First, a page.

VW takes sheet from Musk’s Twitter playbook
It was an April Fool’s joke that went wrong. In an embarrassing apology, Volkswagen had to confirm at the end of March that its US rebranding in “Voltwagen” was a feat for a fully electric future.
But the botched announcement, which sparked an investigation by the Securities and Exchange Commission after it coincided with a surge in the company’s U.S. stocks, was in line with a social media strategy launched at the automaker’s German headquarters .
Last summer, VW boss Herbert Diess told employees that he wanted to be louder online. He believed the group, which is investing more than € 35 billion in electrical engineering, needs to win back the attention of the likes of Elon Musk, according to the people close to the top.
“Maybe we need a big boom,” said a strategy expert, describing the approach in which Diess went with increasingly provocative posts on LinkedIn and then on Twitter.
Diess is also active on China’s Weibo, where he is hot on the heels of the Tesla founder, who has been using social media for years to promote himself and his company, when it comes to followers.
Last year, VW launched its first own electric car, the ID.3, and sold almost 232,000 battery-operated vehicles in 2020, making it Europe’s largest electric vehicle company. By the end of the decade, the company aims to make 70 percent of its sales in Europe emission-free.
Despite these ambitions, the German company is worth less than a third of Tesla, which is building a factory just 250 miles from the VW site in Wolfsburg.
In an unusual step for Germany’s staid corporate class, Diess performed a series of stunts to get VW’s attention.
The Bavarian donned a Batman mask while showing off one of the group’s cars on a LinkedIn post, posed for a selfie with Musk when he visited VW to test the ID.3, and mocked after seeing the beginning of the Annual Twitter changed, which Tesla had playfully tried as a BMW manager to recruit Diess.
The VW boss also argued online with climate activists and politicians about the best way to achieve CO2-neutral transport.
The importance of this strategy will be underlined by a weekly social media planning meeting chaired by Diess and could last two hours, said one person. The analyzes of previous posts are worked through thoroughly and potential “viral content” for the coming days is discussed.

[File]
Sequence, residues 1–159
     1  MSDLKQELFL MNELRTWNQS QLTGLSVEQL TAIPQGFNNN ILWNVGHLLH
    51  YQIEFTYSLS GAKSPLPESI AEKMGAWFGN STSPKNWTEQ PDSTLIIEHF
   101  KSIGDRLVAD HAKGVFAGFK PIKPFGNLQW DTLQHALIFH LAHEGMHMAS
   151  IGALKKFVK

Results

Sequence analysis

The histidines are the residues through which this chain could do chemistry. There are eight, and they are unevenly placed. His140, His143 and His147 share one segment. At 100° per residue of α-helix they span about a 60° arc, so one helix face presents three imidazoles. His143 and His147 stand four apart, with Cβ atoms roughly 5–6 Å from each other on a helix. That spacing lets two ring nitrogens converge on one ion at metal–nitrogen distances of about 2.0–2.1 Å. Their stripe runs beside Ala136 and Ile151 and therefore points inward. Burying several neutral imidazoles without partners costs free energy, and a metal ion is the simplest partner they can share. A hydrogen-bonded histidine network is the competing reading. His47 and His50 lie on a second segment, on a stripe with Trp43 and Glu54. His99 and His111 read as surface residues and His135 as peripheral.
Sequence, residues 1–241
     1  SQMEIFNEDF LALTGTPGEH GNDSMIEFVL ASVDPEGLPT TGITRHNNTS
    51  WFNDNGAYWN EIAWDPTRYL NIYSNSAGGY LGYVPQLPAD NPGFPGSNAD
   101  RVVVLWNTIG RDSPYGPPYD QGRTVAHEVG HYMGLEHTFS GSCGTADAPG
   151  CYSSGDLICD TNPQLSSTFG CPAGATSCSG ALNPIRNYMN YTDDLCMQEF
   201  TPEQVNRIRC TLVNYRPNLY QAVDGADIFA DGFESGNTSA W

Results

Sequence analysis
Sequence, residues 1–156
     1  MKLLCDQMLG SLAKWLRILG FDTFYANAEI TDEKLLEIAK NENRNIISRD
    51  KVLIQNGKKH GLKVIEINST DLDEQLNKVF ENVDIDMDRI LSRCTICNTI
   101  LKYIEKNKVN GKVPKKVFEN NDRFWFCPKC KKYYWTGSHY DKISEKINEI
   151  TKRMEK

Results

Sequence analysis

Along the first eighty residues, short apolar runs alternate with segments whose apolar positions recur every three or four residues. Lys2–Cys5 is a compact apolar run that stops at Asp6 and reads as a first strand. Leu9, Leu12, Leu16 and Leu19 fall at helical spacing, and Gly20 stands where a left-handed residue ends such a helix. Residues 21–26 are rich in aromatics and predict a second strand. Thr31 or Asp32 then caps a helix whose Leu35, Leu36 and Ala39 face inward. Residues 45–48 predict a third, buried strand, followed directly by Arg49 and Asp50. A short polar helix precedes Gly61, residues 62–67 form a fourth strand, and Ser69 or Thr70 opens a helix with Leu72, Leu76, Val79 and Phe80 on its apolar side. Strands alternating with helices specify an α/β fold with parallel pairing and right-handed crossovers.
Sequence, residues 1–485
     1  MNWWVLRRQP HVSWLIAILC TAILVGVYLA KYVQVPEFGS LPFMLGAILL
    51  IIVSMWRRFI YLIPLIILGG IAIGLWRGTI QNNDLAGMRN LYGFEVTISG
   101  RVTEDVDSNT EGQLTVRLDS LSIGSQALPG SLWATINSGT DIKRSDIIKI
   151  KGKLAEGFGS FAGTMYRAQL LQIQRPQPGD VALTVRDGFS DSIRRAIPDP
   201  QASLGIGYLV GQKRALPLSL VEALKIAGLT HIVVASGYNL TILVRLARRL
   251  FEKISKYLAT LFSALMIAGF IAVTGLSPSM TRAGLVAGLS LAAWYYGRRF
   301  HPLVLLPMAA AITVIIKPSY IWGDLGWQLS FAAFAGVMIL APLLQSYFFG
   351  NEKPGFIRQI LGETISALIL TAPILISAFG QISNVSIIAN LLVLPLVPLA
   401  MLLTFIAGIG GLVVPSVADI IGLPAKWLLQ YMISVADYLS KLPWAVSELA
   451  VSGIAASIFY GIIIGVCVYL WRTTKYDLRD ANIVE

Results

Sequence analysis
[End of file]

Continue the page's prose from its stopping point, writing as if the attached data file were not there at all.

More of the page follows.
Some say the tactic gave VW more recognition.
“This got some attention because [Daimler boss Ola] Kallenius and [BMW’s Oliver] Zipse won’t get out of there, ”said Michael Muders, portfolio manager at Union Investment, a top 7 shareholder in VW.
“It takes a lot of money to make the transition,” he added. “It’s part of the game plan.”
The key to this plan is the ability to grab the attention of fund managers in the US, who are much more focused on VW’s younger competitors. To pursue this goal, VW has recently started its quarterly press briefings in English.
“After Dieselgate there was no interest from American investors,” said a person close to the VW board of directors. More than half of Diess’ Twitter followers are from the United States, they added.
As GM and Ford make the headlines by naming dates when they will stop selling internal combustion engines, VW is trying to emphasize that it has one over its traditional rivals in the form of specialty electric platforms, one of which is licensed to Ford Has advantage.
This technology “gives VW an edge over its competitors,” said Daniel Schwarz, an analyst at Stifel. “Now we have the European Green Deal and VW’s strategy looks even more promising.”
In addition to other events, such as a “Power Day” on the subject of battery technology, which is supposed to cause a stir on the Internet, VW’s online offensive is accompanied by a sharp increase in manufacturer shares.
This spring, despite unchanged, ambitious electric plans, the Beetle manufacturer once again wore the crown of the most valuable German stock corporation for a short time and was almost able to regain the ground that has been lost since the diesel emissions scandal in 2015.
However, it is critically unclear how much Diess’ tweets help.
Although VW shares have more than doubled since their 10-year low in March last year, Daimler shares have tripled over the same period, despite the reluctant Swedish CEO keeping Twitter away.
“I use LinkedIn because we’ve found it to be a very good tool for attracting talent to our company,” Kallenius told the Financial Times, “and I’m sticking with it for now.”
If the stock rally – partly boosted by a boom in car demand – is to continue, German carmakers will have to do more than use hashtags.
“The easy money in the market was probably made,” said Union’s Muders. “The question is how high are the margins in the electric vehicle business. That will be the focus of the market. “